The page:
Please introduce yourself in this discussion forum. You can share information about your teaching, research interests, institution, and even personal information. This is a great way to build a network of those who are going through MERLOT GRAPE Orientation.
(Quick Note: This is a cross-post from the Winter/Spring 2019 Introductions thread.)
I'm a pirate and OER enthusiast who works as an Instructional Designer and Instructor at Texas Woman's University. Yes, piracy and OERs are the absolute perfect fit.
Literally, I have a PhD in pirates, pedagogy, and children's literature. This means I'm an advocate for equity, accessibility, and social justice in education. One way I do this is with the concentrated use of OERs in all educational situations, including community programming.
My opinion: OERs don't just stop with content. I evaluate and use Open Access edtech, too. It's usually the perfect complement to content OERs.
I'm here to continue to unearth treasure. Help increase access to quality materials not only by contributing to them, but also by partnering with others.
I want to know more about my co-conspirators, including all of you. Contact me if you simply want to swap ideas! I've offered to run a free test of the open resource EdTech Perusall with another OER group. Because...why not? I'm happy to invite all of you, too.
ARGH! I'm happy to hear of your interest in OERs. Please consider cataloging some of your findings in MERLOT.
This is Alex Lewko, English Language Instructor at the American University in Cairo. I generally teach writing to graduate students at the early stages of their studies, but I also teach undergraduates as well as other courses here.
I took advantage of some time today to look at the materials available in MERLOT for teaching advanced/academic English. As I said at the first meeting, I already found an e-book that I will use next Spring, but there are more materials that I wrote reviews for:
https://www.merlot.org/merlot/viewMaterial.htm?id=648987#similarDis... (Cohesion/Organization at the paragraph level)
https://www.merlot.org/merlot/viewMaterial.htm?id=1056102 (Gerunds versus Infinitives)
https://www.merlot.org/merlot/viewMaterial.htm?id=1375211 (E-book: "College ESL Writers")
https://www.merlot.org/merlot/viewMaterial.htm?id=1070739 (English Vocabulary Profile)
I look forward to learning more about the peer review process on Thursday.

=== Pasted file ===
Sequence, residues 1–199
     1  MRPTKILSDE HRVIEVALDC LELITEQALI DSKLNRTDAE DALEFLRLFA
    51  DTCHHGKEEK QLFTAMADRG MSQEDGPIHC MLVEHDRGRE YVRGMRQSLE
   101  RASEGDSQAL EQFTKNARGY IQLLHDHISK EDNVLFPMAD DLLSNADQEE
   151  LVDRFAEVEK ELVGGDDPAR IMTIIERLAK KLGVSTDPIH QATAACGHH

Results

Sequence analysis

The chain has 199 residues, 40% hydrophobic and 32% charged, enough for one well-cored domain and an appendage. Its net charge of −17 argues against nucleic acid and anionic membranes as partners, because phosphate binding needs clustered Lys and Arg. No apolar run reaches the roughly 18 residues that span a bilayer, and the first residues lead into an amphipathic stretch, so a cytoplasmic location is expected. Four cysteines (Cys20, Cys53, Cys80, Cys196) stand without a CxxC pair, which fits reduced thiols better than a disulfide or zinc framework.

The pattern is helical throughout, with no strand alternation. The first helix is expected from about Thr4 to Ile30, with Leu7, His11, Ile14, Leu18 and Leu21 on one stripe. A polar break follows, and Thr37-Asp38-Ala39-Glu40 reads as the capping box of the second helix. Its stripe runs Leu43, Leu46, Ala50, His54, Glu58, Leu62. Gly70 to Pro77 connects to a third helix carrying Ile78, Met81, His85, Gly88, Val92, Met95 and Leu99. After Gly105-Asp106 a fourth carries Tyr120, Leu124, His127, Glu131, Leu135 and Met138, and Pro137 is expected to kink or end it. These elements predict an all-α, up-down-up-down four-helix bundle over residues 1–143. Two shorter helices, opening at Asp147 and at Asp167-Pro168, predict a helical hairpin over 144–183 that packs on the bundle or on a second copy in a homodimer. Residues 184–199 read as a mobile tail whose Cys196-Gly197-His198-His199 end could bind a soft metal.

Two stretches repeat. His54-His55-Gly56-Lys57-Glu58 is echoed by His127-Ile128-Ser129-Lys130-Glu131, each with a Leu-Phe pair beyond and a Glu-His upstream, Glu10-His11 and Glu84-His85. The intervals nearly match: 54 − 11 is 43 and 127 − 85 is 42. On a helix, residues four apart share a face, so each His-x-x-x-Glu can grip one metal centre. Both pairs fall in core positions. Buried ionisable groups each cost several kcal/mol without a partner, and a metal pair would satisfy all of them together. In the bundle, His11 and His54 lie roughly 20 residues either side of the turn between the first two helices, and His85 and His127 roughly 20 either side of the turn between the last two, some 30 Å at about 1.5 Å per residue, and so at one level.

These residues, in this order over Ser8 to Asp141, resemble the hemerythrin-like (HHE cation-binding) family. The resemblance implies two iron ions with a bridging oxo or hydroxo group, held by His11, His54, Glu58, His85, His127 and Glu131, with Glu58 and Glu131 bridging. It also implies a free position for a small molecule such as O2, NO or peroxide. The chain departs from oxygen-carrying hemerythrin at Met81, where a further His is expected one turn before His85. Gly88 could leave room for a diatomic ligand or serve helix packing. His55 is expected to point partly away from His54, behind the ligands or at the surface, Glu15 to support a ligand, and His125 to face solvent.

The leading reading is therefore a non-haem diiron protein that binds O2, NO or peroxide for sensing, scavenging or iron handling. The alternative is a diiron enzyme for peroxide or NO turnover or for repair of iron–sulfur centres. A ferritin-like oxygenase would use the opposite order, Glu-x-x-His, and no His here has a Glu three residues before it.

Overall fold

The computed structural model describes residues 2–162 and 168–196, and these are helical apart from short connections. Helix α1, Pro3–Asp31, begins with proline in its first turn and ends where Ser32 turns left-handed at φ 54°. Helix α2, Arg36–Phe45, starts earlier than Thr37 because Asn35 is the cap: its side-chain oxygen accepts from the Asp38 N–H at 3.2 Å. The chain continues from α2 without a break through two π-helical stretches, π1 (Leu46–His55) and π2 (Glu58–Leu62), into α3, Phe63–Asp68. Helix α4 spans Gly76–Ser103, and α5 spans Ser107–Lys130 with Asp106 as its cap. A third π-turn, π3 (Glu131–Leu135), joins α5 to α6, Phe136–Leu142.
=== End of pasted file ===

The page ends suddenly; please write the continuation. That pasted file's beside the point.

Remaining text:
Well, thank you Alex. It's great to see you participating. I'll talk to you tomorrow.
This is Pankaj Mehrotra, I have taught biology to high school students in India, biology & chemistry courses to bard early college students in China and biology to undergraduate students in Thailand. I have also taught a semester of Fundamentals of Chemistry course to early college students in China and distance education biology & health science courses to undergraduate students for University of the People.
I today looked over the biology materials and found them useful for students as a learning materials for both classroom and laboratory as well as homework.
I have also written a textbook on Fundamentals of Biology and I believe the MERLOT and other resources I am aware of will be good resources for myself and for my students.
I look forward to learning more about MERLOT and connecting with biologist. Any possibility to obtain funding for future collaborative projects would be helpful.
Thank you, Pankaj. It seems as if you have a lot of experience in a variety of areas. Biology is one of our oldest editorial boards, so you should be able to find a lot of resources there.
Thank you Cathy for your acknowledgement of my credentials. I would be happy to provide feedback as I share this resources with my students as I teach. Do we have a team of biologist with whom I can connect, if you allow so?
I just completed the review of the sexual harassment module. The module itself was quite good in my opinion (as will be reflected in the form I filled out). It also made me think about how I have my writing students complete peer review activities in class. I always tell them (based on research done in applied linguistics) how peer review generally helps the writing skills of the reviewer more than the feedback given helps the one reviewed. That is because it helps the student look at his or her own writing with a "third party" point of view that is important to have.
Likewise, I can see how being peer reviewers will help us create better materials for our own students, whether or not we plan to share them via MERLOT or other means.
Great observation, Alex. Feedback is always good to receive. I hope you implement the student peer review in your classes.
Dear Cathy, I completed my peer review form and submitted it to you. Apart from practical application to freshman biology, I think this click and learn type material can be be implement for all professional workers who are associated at academic and non-academic institution as a summer training course.
Having recently completed GRAPE Camp, it was nice to submit my first “real” peer review today. It was not the type of material I would normally use for my own students due to its own particular focuses. However, it was still a very good learning experience for me to really dig into someone else’s materials and evaluate them based on the review checklist.
How wonderful that you came back to comment on that.Thank you. Do you mind if I use that comment for GRAPE Camp promotion?
Hopefully, next time you'll have something that you might use! :-)